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Last Updated:  Friday, 4 April, 2003, 19:24 GMT 20:24 UK
Ladies Day attracts record crowds
By Sophie Brown
BBC Sport at Aintree

Racegoers queue for a best dressed competition to win a car
Ladies Day makes for a colourful sight at Aintree
A relatively recent innovation, Ladies Day at the Grand National meeting has already become something of an Aintree tradition.

The idea stems from Ladies Day at Royal Ascot and many of the outlandish and colourful designs at Aintree are similar to outfits often seen at the prestigious Flat meeting.

But while Royal Ascot takes place in mid-June, Aintree is in early April and weather conditions are noticeably cooler.

Not that you would realise it from some of the distinctly "summery" outfits on display.

Aintree hosts one of the most famous jumps meetings in the world but many of the women of Merseyside seem to think of it more as an all-weather event.

The skies over Liverpool were grey and chilly yet the dresses of many of the estimated 45,000 spectators racegoers spoke of sunshine and balmy evenings.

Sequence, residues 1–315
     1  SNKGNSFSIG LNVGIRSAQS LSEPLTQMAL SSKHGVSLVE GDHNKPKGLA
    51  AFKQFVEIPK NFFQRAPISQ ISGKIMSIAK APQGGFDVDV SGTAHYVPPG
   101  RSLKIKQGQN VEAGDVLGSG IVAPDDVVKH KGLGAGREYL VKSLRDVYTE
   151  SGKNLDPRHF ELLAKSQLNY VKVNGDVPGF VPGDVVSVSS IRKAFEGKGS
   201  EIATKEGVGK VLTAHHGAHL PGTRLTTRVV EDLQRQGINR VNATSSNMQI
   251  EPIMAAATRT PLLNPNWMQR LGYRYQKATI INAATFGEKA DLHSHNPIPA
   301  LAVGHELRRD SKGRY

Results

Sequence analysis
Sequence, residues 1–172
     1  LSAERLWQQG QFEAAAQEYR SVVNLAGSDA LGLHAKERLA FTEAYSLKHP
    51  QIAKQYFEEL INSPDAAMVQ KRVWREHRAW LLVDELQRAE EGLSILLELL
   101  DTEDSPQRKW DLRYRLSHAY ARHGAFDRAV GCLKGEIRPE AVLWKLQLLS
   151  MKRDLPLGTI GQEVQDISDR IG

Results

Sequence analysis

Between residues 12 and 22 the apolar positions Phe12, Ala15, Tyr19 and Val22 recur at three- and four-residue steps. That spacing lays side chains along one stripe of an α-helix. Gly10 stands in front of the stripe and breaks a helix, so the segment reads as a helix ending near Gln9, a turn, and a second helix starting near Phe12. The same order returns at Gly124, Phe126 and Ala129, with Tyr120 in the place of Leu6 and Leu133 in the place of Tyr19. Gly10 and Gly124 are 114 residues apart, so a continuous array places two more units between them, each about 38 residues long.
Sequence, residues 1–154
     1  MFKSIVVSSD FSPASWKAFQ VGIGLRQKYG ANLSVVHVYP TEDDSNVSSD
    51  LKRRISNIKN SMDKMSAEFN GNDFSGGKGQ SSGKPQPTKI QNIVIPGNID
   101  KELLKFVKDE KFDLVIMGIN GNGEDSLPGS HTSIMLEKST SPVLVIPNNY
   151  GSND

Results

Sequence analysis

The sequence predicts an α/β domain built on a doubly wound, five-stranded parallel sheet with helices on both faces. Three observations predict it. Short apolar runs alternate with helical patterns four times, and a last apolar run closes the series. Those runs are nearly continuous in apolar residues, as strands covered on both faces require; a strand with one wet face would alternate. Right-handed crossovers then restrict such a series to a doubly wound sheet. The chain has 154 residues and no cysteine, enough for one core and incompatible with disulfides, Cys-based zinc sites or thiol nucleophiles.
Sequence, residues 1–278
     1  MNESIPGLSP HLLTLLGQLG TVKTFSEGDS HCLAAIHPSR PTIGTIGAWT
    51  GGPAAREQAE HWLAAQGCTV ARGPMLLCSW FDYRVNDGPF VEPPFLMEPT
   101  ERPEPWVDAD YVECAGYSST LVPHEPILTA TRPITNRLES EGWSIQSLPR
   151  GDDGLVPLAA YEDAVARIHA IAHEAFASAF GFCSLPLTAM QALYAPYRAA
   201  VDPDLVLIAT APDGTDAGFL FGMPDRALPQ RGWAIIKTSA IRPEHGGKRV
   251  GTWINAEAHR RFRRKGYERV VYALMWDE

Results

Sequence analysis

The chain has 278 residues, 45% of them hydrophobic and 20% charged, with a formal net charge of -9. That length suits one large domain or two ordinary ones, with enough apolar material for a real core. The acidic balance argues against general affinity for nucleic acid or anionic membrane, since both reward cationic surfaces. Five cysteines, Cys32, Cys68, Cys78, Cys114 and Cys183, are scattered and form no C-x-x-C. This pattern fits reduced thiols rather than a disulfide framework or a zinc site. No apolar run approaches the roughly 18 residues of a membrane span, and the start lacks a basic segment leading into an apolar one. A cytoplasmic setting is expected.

Sleeveless, strapless, chiffon - the amount of bare flesh visible was enough to cause goosepimples even among the well wrapped-up Barbour brigade.

Yet there is a good humour and joie de vivre that is often missing at the more formal Ascot meeting.

The racegoers don't take themselves too seriously but when it comes to fashion, it is a different matter.
A racing fan enjoys Ladies Day at Aintree
Hats dominate the fashion stakes with racegoers

And this year saw an added incentive to make that extra effort as there was a brand new 20,000 Jaguar X-Type on offer to the "best dressed racegoer" on Friday.

More than 300 entrants strutted their stuff on a catwalk erected in the winner's enclosure in the hope of winning the keys.

A panel of judges whittled them down to six - including a token male - and then an overall winner was announced.

There was some consternation among locals when it was discovered that the winner hailed from foreign parts, ie, Formby, but the competition was deemed a huge success.

Racing is currently on a drive to attract people to come to watch the sport live and organisers hope that diversions such as these will boost crowds.

There were certainly signs that racegoers were developing an interest in National Hunt by the time the last race had been run on Friday.

For example, the number of women who took their shoes off to get a better feel of the going will be most encouraging to the sport's rulers.

Links to more Grand National 2003 stories


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